I was completely captivated as a sixth-former by the poetry of glaciation - drumlins, eskers, terminal moraines, corries and arretes, erratics. I can't tell you how excited I was when, cycling around Ireland many years ago I suddenly realised that I was surrounded by basket-of-egg drumlins; how much I wanted the unexpected hilly parts of Norfolk to be terminal moraines; coming across perfectly round lakes on field trips. The power of glaciers to scour and shape.
I'm not sure that I've ever seen a natural erratic, those rocks that have been transported from their original locations by glaciers and dumped miles from their natural landscape. You do come across faux-erratics every now and then. When I was a child, we used to play on a giant rock of chalk left on the grass outside a block of flats. It was still there the last time I looked, diminished in size either by the attrition of children's scuffing or me being twice the size I was, or both. There's another art-work erratic in the middle of Hackney Marshes- you can see it from the A102. (I was pleased to see that it was featured in the Museum of Childhood's brilliant little exhibition, Kingsmead Eyes. This link takes you to a short video of some of the work - I love it.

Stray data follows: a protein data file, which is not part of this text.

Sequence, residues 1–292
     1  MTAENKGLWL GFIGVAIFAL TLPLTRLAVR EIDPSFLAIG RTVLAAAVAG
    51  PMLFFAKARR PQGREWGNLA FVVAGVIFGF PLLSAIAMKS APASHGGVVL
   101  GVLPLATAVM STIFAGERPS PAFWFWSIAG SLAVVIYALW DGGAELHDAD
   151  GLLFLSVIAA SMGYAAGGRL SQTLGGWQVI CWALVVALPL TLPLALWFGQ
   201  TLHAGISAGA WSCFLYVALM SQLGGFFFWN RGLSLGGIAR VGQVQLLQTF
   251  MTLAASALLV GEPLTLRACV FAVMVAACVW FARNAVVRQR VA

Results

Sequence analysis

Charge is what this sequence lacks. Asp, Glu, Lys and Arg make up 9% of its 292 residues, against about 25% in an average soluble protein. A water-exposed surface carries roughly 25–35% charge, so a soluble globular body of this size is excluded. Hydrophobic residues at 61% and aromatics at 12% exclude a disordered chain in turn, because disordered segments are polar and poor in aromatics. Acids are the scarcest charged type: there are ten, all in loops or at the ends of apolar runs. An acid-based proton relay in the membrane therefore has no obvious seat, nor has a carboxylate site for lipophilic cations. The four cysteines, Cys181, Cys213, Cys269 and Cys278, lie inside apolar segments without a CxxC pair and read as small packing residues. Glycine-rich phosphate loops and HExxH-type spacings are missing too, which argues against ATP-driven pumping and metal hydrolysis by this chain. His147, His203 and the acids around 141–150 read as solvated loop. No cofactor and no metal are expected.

I don't remember having seen before the erratic I photographed here. It's probably been there for ages, but because I took a different route across Mile End Park in the snow last week, I stumbled across it. Now the snow has gone, it might even look like a glacier left it there.
Hope to stop posting so erratically soon, though there is a lot to be said for having no fixed course and deviating from the ordinary.